How to Get What You Want from the Nanny

Choosing a good nanny can be difficult. These tips can help you figure out what you want from a nanny and find the right one.

Who becomes a nanny?

How to Get What You Want from the Nanny

Love for Hire
Suppose you could create the ideal nanny. Chances are it would be someone who sat down for her interview and announced, "I have really enjoyed being a nanny. I honestly don't believe there is a better job out there. My days are spent exploring the world through the eyes of children, where everything is a great new adventure. Most days start and end with a great big hug and kiss! The last days with each one of my old 'families' have all been very difficult and teary." Too perfect to be true? Not at all. Of the many people interviewed for this book, nannies were probably the happiest with their jobs. The enthusiasm of Lisa B., quoted here, isn't unusual. It's typical of the women who choose this modestly paid but tremendously rewarding career.

Odd, then, the horror stories you hear about neglectful and incompetent nannies, or the tales of households that go through nannies like so many disposable diapers. How can you avoid their fate? There is no lack of compassionate nannies looking for work, but finding one who is the right match for your family can take some time. Using a nanny placement agency is no guarantee that the person you hire will stay with your family longer or be superior to someone you hear about through the grapevine. And although a placement agency can weed out poorly qualified, inexperienced nannies and provide criminal background checks, there is a limit to their usefulness. Ultimately, your success will depend on more than background checks and gut feelings. It will also require some honest reflection about yourself and your expectations. The clearer you are about those, the better your chances of recognizing the right nanny for you and being able to forge a lasting bond with her.

Behind the Scenes: The Parent Trap
"I love children. It's their parents that make the job so hard!" confessed a nanny on the bulletin board – an excellent place for parents to browse for insight into the attitudes of nannies. You'll get to eavesdrop as they gush, brag, and fret about their charges, whom they usually refer to as "my baby" or "my boy" (or girl). No hidden video camera could reveal as much as these candid postings do. On the downside, the site is full of nannies' rants about their employers. Their frustration provides a crash course in nanny-parent relations.

There is no reliable profile that describes the type of woman who chooses to become a nanny. Their only common thread is that they love children. No matter how desperate for work a woman might be, she simply won't survive in the field if she doesn't genuinely like kids; there are too many kind and capable nannies out there willing to take her place. In 2000, the U.S. Department of Labor reported that three million mothers leave their children in the care of a nanny or other individual while they work outside the home. The nannies' level of training and education varies widely: some have college degrees in child development while others have only the experience they have acquired over years of caring for children. Their pay varies as well. At the bottom end of the pay scale are nannies earning less than minimum wage, and at the high end are those earning $15 an hour or more. Nannies for the very wealthy command as much as $1,500 a week, with perks such as a separate dwelling with all expenses paid, cell phone, use of a car, health benefits, gym membership, paid vacations, and more.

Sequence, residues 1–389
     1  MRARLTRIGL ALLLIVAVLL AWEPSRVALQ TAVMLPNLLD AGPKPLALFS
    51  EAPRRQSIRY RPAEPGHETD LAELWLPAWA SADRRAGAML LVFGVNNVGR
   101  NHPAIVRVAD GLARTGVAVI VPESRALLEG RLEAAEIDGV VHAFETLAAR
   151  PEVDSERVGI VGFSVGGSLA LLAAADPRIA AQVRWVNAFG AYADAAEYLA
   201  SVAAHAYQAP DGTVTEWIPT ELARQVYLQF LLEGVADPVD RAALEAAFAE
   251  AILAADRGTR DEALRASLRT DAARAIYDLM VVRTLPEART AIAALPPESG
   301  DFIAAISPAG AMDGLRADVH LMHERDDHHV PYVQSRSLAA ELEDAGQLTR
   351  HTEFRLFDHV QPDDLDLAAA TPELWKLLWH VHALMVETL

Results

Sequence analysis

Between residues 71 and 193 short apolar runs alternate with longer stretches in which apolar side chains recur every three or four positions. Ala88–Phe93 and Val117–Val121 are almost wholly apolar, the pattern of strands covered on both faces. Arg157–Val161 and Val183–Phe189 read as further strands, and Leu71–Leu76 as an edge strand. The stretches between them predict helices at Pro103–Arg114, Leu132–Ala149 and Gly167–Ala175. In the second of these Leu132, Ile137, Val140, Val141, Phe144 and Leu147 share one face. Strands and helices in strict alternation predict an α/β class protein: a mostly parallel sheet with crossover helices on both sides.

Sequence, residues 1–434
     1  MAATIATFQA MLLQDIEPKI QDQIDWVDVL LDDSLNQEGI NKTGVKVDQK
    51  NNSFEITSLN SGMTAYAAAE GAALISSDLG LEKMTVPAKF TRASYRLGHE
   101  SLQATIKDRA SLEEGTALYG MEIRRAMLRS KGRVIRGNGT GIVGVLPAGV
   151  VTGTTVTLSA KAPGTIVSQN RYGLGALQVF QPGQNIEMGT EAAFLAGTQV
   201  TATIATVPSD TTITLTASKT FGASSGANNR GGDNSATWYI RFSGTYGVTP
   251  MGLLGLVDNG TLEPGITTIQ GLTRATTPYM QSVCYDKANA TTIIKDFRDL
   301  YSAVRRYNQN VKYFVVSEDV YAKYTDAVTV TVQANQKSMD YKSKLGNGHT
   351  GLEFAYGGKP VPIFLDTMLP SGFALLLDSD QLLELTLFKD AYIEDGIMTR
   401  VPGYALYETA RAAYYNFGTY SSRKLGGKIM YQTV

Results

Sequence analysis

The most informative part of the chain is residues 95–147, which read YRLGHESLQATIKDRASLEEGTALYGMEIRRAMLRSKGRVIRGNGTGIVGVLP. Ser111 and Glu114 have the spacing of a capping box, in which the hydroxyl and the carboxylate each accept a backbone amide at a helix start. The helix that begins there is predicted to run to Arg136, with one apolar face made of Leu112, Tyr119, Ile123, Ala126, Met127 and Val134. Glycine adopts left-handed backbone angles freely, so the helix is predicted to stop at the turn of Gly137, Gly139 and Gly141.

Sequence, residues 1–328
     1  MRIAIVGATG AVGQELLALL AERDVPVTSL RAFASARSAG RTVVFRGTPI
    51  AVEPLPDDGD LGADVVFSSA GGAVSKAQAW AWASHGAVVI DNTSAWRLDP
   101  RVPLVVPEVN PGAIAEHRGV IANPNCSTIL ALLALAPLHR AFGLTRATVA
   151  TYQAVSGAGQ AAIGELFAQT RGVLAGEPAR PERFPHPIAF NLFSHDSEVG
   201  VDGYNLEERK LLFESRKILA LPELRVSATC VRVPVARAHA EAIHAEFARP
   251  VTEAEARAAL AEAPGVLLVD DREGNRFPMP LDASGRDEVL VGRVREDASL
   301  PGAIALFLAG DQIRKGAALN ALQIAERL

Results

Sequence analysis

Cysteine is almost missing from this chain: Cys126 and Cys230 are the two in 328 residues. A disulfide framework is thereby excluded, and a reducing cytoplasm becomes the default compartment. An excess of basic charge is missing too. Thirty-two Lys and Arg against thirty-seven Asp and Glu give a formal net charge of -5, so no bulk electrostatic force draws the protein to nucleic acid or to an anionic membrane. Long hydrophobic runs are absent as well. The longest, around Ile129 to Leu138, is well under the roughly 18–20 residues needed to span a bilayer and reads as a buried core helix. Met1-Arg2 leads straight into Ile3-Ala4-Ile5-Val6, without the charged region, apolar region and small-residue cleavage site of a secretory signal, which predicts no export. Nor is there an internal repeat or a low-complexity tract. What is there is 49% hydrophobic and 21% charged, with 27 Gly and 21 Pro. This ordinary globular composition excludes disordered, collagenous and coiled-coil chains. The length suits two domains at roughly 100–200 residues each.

For a great many nannies, especially live-ins, exploitation in the form of unpaid overtime is common. Most of the nannies' problems stem from the informal, unregulated nature of the work. "She's just like a member of the family" often translates into the nanny being taken advantage of as if she were an indulgent aunt – or Cinderella. Nannies report not getting reimbursed for children's toys, food, or treats; not being paid for gasoline on work-related trips; not being paid if the family goes on vacation; not being paid on time; and having parents reduce their hours at will, changing them every week. Leah H., a nanny in San Francisco, recalled how her former employers' requests spiraled out of control: "They had me doing things that were not child related – they once had someone come over and watch the baby so I could clean the house (8,000 square feet, four floors). Then there were the outside errands – buying the dad cigarettes in the middle of the night, going on candy runs for the mother, delivering unmarked envelopes to people....Toward the end, I discovered that I had, in fact, been working for old-school members of the Italian Mafia. I quit shortly after." An extreme example, perhaps, but only the part about the envelopes.

Whether a nanny likes her employers or has problems with them, her affection for the children, especially if she has cared for them since they were babies or toddlers, tends to trump all other concerns. "I have always been astounded by what I can and will put up with when I feel a child really needs me," wrote one nanny. And a nanny in Westchester, New York, confessed her grief at having to leave a child who was about to enter preschool:

"My baby's a big boy now....I rock him at night now when we read stories and think how I'll miss his head against my chest, or the way his hair smells, or the sound of his laugh, or the dimple in his chin, the way he chases his dog, or smiles after a frustration and manages a new skill....I can't stand it, only four more days with him. That's it. Four days....I will and do miss him terribly already and he's not even gone yet."